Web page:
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Oklahoma elections threatened by U.S. House bill, state's top election official warns

Paul Ziriax, secretary of the Oklahoma State Election Board, speaks during a press conference on June 5, 2020 in Oklahoma City.  [Sarah Phipps/The Oklahoman]
Paul Ziriax, secretary of the Oklahoma State Election Board, speaks during a press conference on June 5, 2020 in Oklahoma City. [Sarah Phipps/The Oklahoman]

A U.S. House bill to make voting easier would amount to a federal takeover of state elections and deprive Oklahoma of ways to detect fraud, according to Oklahoma’s top election official.

“This legislation takes direct aim at Oklahoma's existing election integrity laws, making it virtually impossible for election officials to verify the identity of in-person and mail absentee voters, requiring states to allow untrackable absentee ballot harvesting, mandating voter registration by telephone, and making it nearly impossible to prevent double voting by allowing voters to vote anywhere in the state whether they are registered to vote at that location or not,” Oklahoma Election Board Secretary Paul Ziriax said in a letter to members of Oklahoma’s congressional delegation.

The bill, similar to one approved by the House but not considered by the Senate two years ago, is expected to come up for a vote this week.

The White House on Monday endorsed the bill, saying it “contains a number of provisions to protect the fundamental right to vote and make it more equitable and accessible for all Americans to exercise that right. H.R. 1 would reform redistricting to curtail the gerrymandering that distorts our democracy, and would modernize our elections and make them more secure.

"Consistent with the Administration’s commitment to racial equity, the bill would also expand the tools available to the Justice Department to enforce the voting rights of all Americans.”

The legislation would also mandate disclosure of some “dark money” contributions and establish a public finance option for campaigns. And states would be required to "adopt independent redistricting commissions" to draw legislative and congressional district boundaries.

For elections, the bill would require: voter registration on the same day as a federal election; online registration, cancellation and party changes; no restrictions on voting by mail; the use of affidavits instead of photo identification; the use of paper ballots; at least 15 consecutive days of early voting; and several other changes.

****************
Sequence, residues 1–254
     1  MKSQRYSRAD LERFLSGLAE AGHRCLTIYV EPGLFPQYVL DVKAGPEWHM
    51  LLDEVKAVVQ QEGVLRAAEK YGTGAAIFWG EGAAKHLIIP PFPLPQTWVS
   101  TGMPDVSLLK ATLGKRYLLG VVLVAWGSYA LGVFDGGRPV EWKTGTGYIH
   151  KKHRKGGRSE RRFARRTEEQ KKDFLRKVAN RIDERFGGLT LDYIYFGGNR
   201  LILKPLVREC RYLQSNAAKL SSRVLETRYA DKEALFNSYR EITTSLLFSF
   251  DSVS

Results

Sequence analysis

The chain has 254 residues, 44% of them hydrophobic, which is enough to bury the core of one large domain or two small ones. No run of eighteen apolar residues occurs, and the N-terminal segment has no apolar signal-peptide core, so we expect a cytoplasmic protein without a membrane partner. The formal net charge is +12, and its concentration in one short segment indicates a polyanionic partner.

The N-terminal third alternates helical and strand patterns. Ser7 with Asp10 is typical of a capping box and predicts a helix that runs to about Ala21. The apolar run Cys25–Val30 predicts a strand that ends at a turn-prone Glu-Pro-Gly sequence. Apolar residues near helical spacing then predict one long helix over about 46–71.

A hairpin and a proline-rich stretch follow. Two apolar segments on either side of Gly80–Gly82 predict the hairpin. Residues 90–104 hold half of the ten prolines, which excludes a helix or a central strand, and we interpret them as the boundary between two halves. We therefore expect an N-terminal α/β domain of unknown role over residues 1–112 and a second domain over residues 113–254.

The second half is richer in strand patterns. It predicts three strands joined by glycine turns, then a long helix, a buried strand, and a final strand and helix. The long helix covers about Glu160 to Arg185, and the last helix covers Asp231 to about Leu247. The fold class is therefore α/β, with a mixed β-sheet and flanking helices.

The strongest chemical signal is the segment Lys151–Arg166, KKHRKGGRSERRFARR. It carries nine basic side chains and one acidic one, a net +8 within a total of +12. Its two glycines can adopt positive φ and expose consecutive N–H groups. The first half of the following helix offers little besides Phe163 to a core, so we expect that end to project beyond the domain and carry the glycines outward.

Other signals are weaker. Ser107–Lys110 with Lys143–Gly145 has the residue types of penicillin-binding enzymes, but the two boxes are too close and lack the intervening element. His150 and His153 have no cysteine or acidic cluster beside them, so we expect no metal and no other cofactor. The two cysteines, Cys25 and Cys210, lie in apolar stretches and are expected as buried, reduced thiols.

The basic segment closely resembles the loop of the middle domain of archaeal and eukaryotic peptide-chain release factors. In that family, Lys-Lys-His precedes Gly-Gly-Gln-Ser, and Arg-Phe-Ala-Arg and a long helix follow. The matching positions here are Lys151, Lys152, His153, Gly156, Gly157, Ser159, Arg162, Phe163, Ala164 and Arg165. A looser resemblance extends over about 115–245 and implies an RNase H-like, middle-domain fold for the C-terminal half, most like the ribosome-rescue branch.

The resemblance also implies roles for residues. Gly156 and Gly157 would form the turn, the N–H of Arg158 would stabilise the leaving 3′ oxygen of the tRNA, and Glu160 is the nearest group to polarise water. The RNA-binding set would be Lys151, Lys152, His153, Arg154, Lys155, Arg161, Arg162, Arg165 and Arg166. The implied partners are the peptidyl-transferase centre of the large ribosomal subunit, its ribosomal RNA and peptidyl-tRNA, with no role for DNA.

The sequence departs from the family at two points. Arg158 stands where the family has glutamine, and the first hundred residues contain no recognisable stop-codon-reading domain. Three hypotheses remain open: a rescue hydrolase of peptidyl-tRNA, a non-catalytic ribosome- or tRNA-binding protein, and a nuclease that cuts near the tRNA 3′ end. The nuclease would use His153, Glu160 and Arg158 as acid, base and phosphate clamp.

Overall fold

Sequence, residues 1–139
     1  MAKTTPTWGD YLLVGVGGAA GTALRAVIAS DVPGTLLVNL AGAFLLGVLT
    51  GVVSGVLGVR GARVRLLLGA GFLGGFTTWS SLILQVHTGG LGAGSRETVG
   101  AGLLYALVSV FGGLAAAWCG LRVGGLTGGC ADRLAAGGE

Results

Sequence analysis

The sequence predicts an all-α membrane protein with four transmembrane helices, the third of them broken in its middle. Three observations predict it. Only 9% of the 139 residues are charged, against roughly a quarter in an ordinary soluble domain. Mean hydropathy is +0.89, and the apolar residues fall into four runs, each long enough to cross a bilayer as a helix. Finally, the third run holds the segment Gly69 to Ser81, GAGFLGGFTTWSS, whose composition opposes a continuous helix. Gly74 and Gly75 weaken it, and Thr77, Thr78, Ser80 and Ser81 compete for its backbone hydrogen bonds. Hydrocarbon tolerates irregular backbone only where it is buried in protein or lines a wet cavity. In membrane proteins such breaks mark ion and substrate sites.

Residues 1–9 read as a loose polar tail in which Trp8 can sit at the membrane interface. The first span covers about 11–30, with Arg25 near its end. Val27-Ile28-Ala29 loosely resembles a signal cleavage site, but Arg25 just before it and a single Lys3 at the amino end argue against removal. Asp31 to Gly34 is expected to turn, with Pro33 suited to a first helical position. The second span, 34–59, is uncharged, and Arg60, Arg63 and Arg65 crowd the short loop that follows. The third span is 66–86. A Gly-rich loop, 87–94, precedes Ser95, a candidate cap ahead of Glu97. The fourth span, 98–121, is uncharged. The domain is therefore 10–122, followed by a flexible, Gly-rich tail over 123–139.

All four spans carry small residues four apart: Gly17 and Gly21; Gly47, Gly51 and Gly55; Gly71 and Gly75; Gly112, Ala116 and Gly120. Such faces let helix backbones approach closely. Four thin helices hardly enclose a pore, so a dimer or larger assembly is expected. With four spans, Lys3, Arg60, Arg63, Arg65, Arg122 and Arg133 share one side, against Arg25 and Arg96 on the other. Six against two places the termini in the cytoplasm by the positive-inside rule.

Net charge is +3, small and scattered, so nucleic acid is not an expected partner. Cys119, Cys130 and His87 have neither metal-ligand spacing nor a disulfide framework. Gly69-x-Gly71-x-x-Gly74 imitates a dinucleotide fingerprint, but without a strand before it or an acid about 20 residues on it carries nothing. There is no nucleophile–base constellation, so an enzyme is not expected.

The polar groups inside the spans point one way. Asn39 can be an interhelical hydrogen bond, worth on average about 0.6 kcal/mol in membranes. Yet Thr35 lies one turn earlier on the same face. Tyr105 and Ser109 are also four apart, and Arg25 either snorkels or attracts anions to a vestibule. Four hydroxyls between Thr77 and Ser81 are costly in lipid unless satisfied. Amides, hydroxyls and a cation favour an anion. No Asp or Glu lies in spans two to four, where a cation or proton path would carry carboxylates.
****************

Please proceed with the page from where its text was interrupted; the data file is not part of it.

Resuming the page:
Ziriax, who has been Oklahoma’s election board secretary since 2009, said the bill would “supersede most of Oklahoma's election administration and election integrity laws, making our elections less secure, more complicated to administer, and much more expensive to conduct.”

He said it would take years to implement some of the changes but that the bill requires them for the 2022 elections. He predicted many of the provisions would wind up being challenged in court.

In a meeting of the House Rules Committee on Monday, Rep. Zoe Lofgren, D-Calif., said the bill “will lower barriers to voting for all eligible Americans, save costs and bolster the integrity of election administration. For example, it will modernize voter registration systems by implementing online voter registration, automatic voter registration and same-day voter registration. ... Automatic voter registration alone may bring up to 50 million new eligible voters onto the rolls.”

Rep. Tom Cole, R-Moore, said the bill was written to protect the Democratic majority in Congress.

“At each turn, this bill is designed to rewrite the current rules of our elections in a way that benefits Democrats,” said Cole, the top Republican on the Rules Committee.

“It changes voting laws, election laws and campaign finance laws. It imposes from Washington, D.C., a one-size-fits-all regulatory scheme on each state, and what’s worse, it does this even though states have traditionally been allowed to generally run elections however they see fit.”

Chris Casteel

Chris Casteel began working for The Oklahoman's Norman bureau in 1982 while a student at the University of Oklahoma. Casteel covered the police beat, federal courts and the state Legislature in Oklahoma City. From 1990 through 2016, he was the... Read more ›